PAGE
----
My responsibility as a federal prosecutor is much broader because I no longer represent just the Commonwealth of Pennsylvania; I now represent the entire United States. The ramifications are more serious and certainly the jail time that individuals receive for their crimes in many cases is more that they might receive for the same offense in the state system.
What has been the most memorable case you tried? The most memorable case I have tried was when I was a state prosecutor, and it was a case that I actually lost, so to speak. The case involved a woman that was killed when she was going up the steps into her building. She was killed with one shot and there were no eye witnesses to the murder. I called about four witnesses to the stand; one was a neighbor who was a transvestite, one was a friend, and two were co-workers because the victim was being stalked by her ex-boyfriend. Yet, even with all of the evidence of his prior antics and the fact that the victim told people if I am ever killed so-and-so did it, I was not able to prove the ex-boyfriend murdered her beyond a reasonable doubt. So, that case has always bothered me because I felt the defendant did it, and he acted like he did it, but I could not prove it. It still bothers me today.
What was one of your more interesting cases as a prosecutor? An interesting case was one that I did not try but prepared for trial. It was a cold case from the 1980s. Two skin heads came to Philadelphia to kill a black man and they did kill a black man in the middle of the night on an empty street. The case went unsolved for a number of years until the girlfriend of the main skin head was being threatened by him and was afraid of him. She went to the police and told everything he had ever claimed and boasted about, and we were able to put the case together. He was eventually convicted of conspiracy to murder. That was an important case.
What, if any, impact has being a federal prosecutor had in your personal life? I would not say that being a federal prosecutor has changed my personal behavior, but I can tell you there are things that made the difference between my getting the job and other former state prosecutors not being able to become a federal prosecutor. These are things people do without realizing how it is going to affect them years down the line.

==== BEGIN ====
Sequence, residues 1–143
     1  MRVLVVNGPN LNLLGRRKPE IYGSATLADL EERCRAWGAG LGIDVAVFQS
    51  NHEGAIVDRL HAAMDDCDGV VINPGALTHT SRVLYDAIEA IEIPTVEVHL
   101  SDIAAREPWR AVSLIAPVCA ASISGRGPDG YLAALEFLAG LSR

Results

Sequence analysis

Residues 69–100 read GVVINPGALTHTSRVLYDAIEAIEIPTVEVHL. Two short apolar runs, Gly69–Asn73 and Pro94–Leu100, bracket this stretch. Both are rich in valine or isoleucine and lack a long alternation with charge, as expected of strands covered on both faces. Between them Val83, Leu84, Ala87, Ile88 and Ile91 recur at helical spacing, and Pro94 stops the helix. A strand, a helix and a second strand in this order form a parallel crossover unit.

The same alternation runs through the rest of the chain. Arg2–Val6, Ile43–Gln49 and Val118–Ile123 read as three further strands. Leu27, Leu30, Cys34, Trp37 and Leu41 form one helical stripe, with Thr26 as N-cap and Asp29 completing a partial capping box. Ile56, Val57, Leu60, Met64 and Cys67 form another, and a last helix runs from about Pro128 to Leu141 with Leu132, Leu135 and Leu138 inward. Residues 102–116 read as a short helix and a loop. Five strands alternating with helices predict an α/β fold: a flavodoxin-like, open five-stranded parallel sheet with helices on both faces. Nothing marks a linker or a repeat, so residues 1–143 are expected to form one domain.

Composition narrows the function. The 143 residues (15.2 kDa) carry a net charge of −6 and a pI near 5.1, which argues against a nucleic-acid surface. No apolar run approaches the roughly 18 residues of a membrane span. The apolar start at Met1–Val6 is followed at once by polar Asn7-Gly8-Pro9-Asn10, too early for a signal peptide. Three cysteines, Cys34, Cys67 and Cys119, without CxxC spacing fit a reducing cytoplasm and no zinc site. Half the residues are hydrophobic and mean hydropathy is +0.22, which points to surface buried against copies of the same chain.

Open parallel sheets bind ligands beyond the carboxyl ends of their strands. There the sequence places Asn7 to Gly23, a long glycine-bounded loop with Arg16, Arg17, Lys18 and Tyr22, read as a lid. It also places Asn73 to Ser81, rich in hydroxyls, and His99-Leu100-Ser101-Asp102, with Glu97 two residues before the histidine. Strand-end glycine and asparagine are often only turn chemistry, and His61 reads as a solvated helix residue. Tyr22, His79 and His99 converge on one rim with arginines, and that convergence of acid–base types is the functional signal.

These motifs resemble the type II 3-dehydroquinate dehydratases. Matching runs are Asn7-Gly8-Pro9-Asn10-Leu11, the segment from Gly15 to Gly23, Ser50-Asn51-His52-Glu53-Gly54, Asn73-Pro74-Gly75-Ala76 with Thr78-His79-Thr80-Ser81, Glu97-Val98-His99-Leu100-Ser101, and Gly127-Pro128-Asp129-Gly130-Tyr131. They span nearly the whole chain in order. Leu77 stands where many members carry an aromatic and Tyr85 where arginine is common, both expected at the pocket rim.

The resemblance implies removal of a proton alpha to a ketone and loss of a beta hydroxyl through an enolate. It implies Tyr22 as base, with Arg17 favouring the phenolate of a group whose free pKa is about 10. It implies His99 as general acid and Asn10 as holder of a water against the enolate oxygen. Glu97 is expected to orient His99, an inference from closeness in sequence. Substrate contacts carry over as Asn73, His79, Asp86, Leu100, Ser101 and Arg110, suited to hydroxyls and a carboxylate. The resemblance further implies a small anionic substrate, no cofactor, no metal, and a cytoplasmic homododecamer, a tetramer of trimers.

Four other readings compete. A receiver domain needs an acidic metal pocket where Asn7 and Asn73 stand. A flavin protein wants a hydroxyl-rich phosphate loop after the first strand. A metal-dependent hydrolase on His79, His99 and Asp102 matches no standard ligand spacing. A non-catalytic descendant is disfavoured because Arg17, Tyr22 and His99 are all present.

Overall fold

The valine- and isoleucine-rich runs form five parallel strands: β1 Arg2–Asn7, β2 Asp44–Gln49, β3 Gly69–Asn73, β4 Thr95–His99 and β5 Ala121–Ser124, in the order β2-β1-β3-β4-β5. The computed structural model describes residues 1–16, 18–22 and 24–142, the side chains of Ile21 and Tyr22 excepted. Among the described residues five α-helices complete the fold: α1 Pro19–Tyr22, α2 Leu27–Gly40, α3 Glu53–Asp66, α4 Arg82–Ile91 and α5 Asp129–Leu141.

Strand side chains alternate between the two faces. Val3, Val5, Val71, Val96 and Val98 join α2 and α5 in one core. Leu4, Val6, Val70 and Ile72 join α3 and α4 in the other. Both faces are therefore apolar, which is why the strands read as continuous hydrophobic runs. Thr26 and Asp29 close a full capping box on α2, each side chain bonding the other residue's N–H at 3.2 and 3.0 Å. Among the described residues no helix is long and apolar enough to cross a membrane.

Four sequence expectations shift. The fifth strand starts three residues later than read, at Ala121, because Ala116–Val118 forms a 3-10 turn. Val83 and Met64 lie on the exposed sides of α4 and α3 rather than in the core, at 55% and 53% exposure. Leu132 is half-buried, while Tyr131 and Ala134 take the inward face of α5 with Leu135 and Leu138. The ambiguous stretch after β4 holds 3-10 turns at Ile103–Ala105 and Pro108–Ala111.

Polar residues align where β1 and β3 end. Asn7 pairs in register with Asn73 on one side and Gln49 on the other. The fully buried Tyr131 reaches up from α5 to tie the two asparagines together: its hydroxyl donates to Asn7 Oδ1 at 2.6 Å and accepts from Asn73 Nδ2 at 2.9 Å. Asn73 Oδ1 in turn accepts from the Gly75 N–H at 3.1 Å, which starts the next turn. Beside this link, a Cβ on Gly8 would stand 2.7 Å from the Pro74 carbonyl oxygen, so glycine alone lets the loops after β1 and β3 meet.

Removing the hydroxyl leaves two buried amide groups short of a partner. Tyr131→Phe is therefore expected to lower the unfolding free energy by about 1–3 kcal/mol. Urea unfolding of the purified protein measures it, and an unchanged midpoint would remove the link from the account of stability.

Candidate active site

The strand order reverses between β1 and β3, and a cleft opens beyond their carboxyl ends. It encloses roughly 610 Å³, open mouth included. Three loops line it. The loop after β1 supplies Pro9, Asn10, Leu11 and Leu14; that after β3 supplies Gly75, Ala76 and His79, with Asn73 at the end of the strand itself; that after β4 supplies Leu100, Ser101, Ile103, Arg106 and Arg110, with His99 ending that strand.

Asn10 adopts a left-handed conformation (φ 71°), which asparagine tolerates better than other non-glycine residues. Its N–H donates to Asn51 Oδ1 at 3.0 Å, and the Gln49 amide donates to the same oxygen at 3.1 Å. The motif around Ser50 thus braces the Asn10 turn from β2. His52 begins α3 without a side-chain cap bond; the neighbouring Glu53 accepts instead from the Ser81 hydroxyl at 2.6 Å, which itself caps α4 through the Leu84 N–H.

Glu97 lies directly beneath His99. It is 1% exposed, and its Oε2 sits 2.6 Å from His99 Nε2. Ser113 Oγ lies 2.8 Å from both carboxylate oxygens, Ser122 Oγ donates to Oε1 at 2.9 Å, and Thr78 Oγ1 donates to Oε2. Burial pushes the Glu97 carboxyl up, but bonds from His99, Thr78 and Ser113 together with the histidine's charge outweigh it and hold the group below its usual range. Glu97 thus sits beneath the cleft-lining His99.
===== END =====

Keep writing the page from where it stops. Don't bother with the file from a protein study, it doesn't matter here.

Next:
For instance, I have a friend who stated working in the DA’s office at the same time I did. We had the same job and we both had the same student loans, but I paid mine off and she did not pay hers. She defaulted on her student loans and had to enter into a payment plan. She also did not pay her taxes on time when she owed money. She kept putting it off and putting it off, saying, “Oh, I’ll do it when I get the money.” The same prosecutor also had bad credit. She will probably never be able to get a job as a federal prosecutor because we prosecute people who have committed fraud on loans, and who do other unlawful things involving federal monies. You can’t very well chastise somebody for lying on a federal form if you don’t take care of your own federal business. That’s the difference, which is the impact. So I try to pay my taxes on time, I file for an extension if I can’t, and I comply with that extension deadline.
I also pay my bills on time and I have to make sure my husband does as well. In a regular job, they may not check credit history or look at how many credit cards you fail to pay, but they look at those kinds of things for federal prosecutors. It makes a difference.
I also can’t act crazy when I got out socially, even if I wanted to. A federal prosecutor cannot get a DUI or disorderly conduct conviction. We have to lead by example. These are some of the ways in which being a federal prosecutor can impact one’s personal life.
The prosecution requests a recess at this time. Please join me next month for Part Two of my interview with Assistant U.S. Attorney Carmen Lineberger.